No Excuses (Draft) [✓]

 


How is it that we can have such a strong urge to do something, a goal, but the distance between intention and completion seems infinite? Authors call it writer's block. Some call it a rut or a mental block. Others make excuses and justify not doing it at all (e.g., "I'm not good at this, I don't have the time, There are more important things"). As I myself attempt to find an excuse for not writing (e.g., "I'm too busy taking care of patients, I need to read about that first, I'm not really a writer"), Zasetsky haunts me. 


Before Zasetsky, first Sacks and then Alexander. One of my favorite authors growing up happened to be Oliver Sacks. He was a neurologist who wrote clinical tales about his patients. Many may recognize his most famous work, The Man Who Mistook His Wife for a Hat [Sacks, 1995]. It inspired me to appreciate the patients before their brains. Although many of you may know Sacks, far fewer know one of his mentors, Alexander Luria. Luria was a neuropsychologist who also wrote about his patients in a very humanistic way. One of his works [Luria, 1987] focused on a soldier named Zasetsky; a man wounded in the head at the battle of Smolensk in 1943. In Luria and Sacks' spirit, it was more than a clinical case record; it was a story. Zasetsky was a tragic hero. Though away from the battlefield, he stuck in fighting a different war, in his head. He could remember his childhood but not his recent past. A bullet destroyed half of his field of vision, and he had a terrible time speaking, reading, and writing. Talk about potential excuses. What did this guy do? He WROTE. Zasetky tried to keep his sanity by keeping records of his experiences through his diary. Tirelessly, he records his memories to reestablish his past and affirm his existence as an intelligent being.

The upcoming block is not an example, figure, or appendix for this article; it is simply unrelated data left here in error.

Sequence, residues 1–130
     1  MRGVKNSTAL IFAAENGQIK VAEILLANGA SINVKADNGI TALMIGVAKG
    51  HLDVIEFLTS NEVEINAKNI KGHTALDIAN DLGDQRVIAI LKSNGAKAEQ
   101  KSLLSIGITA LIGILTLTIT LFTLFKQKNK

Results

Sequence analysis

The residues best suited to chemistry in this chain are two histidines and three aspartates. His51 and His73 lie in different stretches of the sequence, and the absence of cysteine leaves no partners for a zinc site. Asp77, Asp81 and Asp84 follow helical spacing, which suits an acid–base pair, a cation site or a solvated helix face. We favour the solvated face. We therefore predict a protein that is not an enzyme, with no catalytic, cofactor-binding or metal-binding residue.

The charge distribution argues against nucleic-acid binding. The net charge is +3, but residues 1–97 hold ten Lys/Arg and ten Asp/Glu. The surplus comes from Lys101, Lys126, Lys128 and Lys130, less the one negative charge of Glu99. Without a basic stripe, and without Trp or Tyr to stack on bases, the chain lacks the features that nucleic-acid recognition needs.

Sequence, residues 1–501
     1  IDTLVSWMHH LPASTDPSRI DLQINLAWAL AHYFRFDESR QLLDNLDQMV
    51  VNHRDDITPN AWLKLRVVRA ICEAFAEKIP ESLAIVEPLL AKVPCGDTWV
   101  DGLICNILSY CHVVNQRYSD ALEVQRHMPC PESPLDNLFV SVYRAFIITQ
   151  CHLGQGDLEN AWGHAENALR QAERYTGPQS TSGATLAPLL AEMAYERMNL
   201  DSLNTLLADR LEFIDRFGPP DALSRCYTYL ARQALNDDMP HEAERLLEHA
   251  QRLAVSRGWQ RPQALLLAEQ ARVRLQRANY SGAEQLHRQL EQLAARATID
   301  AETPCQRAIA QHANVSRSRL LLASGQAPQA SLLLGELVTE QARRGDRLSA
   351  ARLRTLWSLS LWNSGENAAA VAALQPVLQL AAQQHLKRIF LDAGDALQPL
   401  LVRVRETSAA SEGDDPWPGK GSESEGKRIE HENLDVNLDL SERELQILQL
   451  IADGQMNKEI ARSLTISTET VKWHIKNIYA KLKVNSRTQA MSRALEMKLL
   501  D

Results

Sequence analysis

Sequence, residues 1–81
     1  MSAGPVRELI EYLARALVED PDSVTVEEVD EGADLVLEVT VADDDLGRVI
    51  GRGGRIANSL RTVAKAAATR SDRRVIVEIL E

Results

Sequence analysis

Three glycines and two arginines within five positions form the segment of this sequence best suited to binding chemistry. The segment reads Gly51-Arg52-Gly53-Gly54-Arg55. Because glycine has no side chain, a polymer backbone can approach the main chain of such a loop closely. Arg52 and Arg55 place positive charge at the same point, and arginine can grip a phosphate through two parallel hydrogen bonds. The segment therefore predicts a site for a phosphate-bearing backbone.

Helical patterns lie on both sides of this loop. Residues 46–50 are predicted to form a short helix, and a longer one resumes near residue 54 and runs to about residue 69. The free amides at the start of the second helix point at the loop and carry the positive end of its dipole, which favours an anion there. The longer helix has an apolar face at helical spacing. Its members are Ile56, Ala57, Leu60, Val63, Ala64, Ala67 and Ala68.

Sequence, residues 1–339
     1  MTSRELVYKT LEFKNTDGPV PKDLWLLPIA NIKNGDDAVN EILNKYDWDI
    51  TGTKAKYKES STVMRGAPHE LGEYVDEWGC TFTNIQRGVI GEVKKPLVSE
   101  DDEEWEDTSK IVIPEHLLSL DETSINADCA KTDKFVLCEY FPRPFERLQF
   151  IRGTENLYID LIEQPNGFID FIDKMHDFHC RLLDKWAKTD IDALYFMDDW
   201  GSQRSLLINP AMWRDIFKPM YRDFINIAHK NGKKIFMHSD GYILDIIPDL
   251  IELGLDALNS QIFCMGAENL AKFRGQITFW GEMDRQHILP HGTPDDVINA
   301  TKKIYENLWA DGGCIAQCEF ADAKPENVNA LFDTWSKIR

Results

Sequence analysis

He worked on this journal day after day for twenty-five years, searching for words with which to express himself, sometimes putting in an entire day to write just half a page. He called his journal "The Story of a Terrible Brain Injury" but later changed it to "I'll Fight On." This work caused him no end of despair, but the hope that had impelled him to write carried him along (Luria, 1987).


A decade after reading this book, I don't remember the neuroanatomy chapters. What I remember is Zasetsky's courage. He'll never win a Pulitzer and most won't even know he existed. Well, I do, and now so do you. Go out there and do something. Don't become discouraged. Do more today than yesterday or better this year than last. Hell, make the second part of your life a comeback. It's not a failure; it's just the story's twist to keep the reader guessing. 

References

Luria, A. R. (1987). The man with a shattered world: The history of a brain wound. Harvard University Press.

Sacks, O., & Stein, S. M. (1995). The man who mistook his wife for a hat. The British Journal of Psychiatry, 166(1), 130-131.

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